Google’s new Insights for Search allows us to see what the world is looking for.
A few months ago, I wrote a post for my German blog that described Google as a global database of people’s will to knowledge and of their wishes (this of course echoes John Batelle’s famous phrase). In that particular post I then put forth a wish myself: that we receive some kind of API to access this global database of searches.
With Google Insight for Search (”Google Trends on steroids” as Andrew Chen calls it) the search company made a huge step in the right direction. Finally, they’re giving us back some of the information we type into the famous form field day on and day off. Our information.
We can now access information about what terms are searched for when and where. This cannot be underestimated. It’s not only possible to trace whether the global search population prefers red wine or white wine. It’s also a great tool for monitoring brands, especially with the possibility to show the headlines for data points that are somehow standing out of the general trends. It also makes comparing search terms within different categories a breeze - so is this interface to the inner workings of the noosphere a dream come true?
Some things seem unfinished yet. For example the algorithm that is used to match headlines to the graphs. When I’m displaying search terms for Austria, I get headlines from Germany that seem to have nothing to do with Austria. And when I’m analyzing search terms for Germany, I get a lot of headlines from the Netherlands which even is another language. I don’t know how this is done, but it can certainly be improved.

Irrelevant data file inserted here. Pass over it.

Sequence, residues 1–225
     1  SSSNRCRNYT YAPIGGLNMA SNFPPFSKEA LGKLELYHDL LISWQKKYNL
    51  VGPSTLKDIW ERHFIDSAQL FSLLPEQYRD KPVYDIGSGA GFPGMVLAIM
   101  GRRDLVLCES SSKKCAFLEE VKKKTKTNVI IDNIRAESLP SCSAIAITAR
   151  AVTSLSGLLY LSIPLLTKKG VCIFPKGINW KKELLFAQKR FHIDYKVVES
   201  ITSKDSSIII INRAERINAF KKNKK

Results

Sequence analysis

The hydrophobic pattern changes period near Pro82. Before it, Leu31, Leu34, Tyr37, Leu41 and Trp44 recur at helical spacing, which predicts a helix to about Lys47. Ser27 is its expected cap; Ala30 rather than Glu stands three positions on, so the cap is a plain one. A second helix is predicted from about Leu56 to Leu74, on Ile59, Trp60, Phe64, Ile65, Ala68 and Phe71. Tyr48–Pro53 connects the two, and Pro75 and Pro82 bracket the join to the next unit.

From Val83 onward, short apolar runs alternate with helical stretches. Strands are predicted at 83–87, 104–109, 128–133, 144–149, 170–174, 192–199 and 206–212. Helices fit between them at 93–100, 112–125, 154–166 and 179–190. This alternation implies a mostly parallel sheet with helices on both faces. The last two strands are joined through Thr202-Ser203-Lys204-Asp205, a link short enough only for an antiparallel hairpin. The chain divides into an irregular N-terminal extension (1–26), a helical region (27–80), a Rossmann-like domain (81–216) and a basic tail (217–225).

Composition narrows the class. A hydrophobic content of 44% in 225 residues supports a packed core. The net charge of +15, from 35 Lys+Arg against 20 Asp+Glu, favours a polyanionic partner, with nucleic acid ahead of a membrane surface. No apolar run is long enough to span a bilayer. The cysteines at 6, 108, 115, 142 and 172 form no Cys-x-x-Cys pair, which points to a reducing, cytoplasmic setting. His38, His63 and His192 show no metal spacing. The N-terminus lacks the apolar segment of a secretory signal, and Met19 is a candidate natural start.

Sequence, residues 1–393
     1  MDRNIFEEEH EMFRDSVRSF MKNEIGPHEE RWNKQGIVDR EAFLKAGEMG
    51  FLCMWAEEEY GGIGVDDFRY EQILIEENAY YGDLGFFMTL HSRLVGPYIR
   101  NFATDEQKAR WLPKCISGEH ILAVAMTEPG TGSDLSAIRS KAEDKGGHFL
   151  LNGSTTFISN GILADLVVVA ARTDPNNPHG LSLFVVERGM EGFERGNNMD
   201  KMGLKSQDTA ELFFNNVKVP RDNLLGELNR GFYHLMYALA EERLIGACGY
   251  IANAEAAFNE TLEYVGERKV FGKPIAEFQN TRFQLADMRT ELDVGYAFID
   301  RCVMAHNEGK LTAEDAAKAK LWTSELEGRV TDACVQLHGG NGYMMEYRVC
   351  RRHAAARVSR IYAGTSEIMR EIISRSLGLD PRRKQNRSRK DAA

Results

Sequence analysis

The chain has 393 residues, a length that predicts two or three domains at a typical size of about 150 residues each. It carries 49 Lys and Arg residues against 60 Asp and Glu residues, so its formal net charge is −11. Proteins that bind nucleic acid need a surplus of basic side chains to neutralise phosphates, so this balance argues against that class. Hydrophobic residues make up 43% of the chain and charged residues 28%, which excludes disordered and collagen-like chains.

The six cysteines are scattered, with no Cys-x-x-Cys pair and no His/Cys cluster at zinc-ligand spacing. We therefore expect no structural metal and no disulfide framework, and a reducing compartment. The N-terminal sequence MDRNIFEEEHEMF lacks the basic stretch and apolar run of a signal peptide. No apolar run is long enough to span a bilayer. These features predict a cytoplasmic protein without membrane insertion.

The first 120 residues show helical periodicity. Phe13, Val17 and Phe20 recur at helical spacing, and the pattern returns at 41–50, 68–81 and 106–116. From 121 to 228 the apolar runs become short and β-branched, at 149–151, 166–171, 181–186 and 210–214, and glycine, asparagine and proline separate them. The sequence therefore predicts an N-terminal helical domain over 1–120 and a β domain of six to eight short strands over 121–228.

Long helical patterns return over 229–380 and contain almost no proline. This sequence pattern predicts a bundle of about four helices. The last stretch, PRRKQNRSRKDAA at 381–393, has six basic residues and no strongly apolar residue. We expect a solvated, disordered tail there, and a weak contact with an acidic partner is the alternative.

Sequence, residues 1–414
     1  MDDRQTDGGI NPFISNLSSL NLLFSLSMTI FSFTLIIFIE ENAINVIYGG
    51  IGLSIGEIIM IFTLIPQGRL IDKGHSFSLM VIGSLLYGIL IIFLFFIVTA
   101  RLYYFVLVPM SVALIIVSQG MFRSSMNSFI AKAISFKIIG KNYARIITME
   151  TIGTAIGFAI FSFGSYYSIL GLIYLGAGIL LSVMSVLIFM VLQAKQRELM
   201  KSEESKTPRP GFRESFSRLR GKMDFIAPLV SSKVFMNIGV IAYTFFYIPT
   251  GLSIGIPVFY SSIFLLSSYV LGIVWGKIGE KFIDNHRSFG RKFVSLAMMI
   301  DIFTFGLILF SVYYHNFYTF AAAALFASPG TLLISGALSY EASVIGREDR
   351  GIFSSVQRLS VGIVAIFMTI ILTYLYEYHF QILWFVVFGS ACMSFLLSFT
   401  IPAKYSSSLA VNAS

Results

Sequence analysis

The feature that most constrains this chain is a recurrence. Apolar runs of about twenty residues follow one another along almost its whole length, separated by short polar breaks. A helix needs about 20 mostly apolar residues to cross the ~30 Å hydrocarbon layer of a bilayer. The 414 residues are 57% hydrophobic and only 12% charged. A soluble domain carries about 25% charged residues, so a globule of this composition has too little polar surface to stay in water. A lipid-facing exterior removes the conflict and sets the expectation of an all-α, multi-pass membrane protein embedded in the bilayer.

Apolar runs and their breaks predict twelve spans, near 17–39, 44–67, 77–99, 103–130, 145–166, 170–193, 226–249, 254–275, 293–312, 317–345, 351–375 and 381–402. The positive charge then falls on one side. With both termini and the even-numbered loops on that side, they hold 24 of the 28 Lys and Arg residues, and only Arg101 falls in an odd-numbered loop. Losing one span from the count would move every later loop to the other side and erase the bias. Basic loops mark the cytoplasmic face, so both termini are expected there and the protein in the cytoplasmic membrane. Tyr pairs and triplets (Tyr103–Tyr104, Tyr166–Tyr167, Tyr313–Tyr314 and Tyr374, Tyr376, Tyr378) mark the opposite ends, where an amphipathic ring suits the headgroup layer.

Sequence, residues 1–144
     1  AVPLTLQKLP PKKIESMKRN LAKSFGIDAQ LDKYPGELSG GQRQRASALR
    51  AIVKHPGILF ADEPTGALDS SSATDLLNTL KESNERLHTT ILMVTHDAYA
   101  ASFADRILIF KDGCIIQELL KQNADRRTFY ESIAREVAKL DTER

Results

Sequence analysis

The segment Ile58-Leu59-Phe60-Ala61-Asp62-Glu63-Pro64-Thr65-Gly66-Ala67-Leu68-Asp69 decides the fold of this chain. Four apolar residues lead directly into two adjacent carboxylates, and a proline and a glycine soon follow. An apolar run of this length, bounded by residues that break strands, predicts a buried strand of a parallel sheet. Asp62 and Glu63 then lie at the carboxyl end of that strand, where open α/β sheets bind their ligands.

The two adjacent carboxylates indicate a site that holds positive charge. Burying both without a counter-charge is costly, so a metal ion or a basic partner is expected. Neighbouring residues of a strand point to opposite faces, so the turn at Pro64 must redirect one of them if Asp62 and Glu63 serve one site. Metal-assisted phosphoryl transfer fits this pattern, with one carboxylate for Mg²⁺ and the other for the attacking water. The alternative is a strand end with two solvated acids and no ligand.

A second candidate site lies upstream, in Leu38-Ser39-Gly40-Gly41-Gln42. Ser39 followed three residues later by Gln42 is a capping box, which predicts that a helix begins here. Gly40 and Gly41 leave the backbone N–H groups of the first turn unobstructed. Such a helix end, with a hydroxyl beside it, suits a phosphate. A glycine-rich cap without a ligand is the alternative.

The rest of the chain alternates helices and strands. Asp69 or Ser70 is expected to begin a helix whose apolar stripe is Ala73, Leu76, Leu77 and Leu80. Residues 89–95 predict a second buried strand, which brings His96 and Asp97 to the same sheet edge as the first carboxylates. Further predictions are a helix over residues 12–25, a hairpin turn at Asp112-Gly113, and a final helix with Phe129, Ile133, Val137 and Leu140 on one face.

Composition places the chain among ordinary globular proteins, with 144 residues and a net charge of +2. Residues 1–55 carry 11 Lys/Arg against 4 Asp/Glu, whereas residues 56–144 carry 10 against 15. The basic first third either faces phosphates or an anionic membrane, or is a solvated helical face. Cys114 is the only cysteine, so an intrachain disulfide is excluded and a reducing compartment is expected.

On the other hand, what I like about this service: it does not omit results for Google’s own projects as has been the case with Google Trends for Websites. It does not deny that Knol is not a serious rival for Wikipedia yet and that the distance between Google and Yahoo is not that great (besides: that’s a whole lot of people using Google to search for Google).
A few uses for Google Insight for Search that immediately crossed my mind:
- Monitoring Brands and Corporations
- Analyzing where people using your product live
- Search Engine Optimization
- Meme tracking / Buzz monitoring
- Calculating relationships / Semantic Web
- Tracking a person’s reputation
- Looking for seasonal trends
What else could this be used for? Please add your suggestions in the comments below.